80 They were of October 15, 1754, and March 13, 1756, and granted power to settle any difficulties to the viceroy and audiencia. Ordenes de la Corona, MS., i. 90-5; vi. 1-6; Cedulario, MS., i. 28-33; Providencias Reales, MS., 160-6, 189-95.

81 The text of the law, dated March 23, 1773, is given in Id., 188-9.

82 The total of tithes in the bishoprics of Mexico, Puebla, Valladolid, Oajaca, Guadalajara, and Durango during the years 1769 till 1779 was $13,

had however wrought evils too serious to be quickly remedied, and whilst some industries had been abandoned, of others the knowledge had been entirely lost. The statutes and ordinances of most of the different guilds were antiquated and inappropriate; the instruction of apprentices was generally very poor. Of the total yearly product of manufactures, valued at about $7,000,000, the greater part consisted of articles of prime necessity.8* It was only, as we have seen, when war in Europe hindered communication with Spain, that some activity prevailed, but it always subsided, and the ground thus gained was soon lost.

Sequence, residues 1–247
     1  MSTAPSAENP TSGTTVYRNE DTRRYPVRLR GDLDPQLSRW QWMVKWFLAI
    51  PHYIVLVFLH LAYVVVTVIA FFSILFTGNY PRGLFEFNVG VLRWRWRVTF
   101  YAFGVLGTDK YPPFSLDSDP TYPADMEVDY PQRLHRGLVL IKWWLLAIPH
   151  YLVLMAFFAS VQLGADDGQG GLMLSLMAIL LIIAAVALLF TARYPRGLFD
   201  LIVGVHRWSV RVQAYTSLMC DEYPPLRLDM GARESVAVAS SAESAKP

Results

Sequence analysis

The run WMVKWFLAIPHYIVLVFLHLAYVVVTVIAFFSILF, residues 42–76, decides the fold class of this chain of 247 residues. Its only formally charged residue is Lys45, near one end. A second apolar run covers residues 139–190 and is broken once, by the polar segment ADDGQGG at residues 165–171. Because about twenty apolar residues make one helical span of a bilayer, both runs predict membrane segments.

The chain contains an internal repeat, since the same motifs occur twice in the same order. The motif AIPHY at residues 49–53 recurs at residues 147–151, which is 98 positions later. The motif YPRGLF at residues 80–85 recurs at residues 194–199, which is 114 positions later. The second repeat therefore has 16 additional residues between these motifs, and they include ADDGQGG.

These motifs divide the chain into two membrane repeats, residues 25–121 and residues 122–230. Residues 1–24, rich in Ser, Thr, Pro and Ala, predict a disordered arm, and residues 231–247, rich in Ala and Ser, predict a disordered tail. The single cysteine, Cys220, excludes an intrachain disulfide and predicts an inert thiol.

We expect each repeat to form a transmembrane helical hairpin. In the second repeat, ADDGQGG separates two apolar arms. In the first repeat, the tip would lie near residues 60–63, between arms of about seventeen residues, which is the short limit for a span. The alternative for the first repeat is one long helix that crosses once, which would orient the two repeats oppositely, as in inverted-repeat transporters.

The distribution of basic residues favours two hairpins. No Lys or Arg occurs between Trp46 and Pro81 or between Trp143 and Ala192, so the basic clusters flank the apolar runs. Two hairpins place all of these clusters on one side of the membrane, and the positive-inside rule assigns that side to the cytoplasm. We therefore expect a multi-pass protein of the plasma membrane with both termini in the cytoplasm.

The mining interest was, of course, a very prominent one, though its importance has been so greatly exaggerated as to cause the assertion that New Spain was of little value except as a mining territory. What the country under another form of government did accomplish, is a subject which I shall treat later. 85

357,157 against $18,353,821 for the following decade. Revilla Gigedo, Instruc., 101-2.

83 Habiendo entonces varios los cuales aun apenas queda otra noticia.' Id., 84.

8 Such as soap, leather, ordinary textures of cotton, of wool, and others. The industrial products of Querétaro in 1793 have been estimated at $1,000,000. Soc. Mex. Geog., Boletin, iii. 199. Zamacois, Hist. Méj., v. 715, gives a glowing description of the industrial achievements of New Spain in 1799; according to him they were not to be surpassed by European products.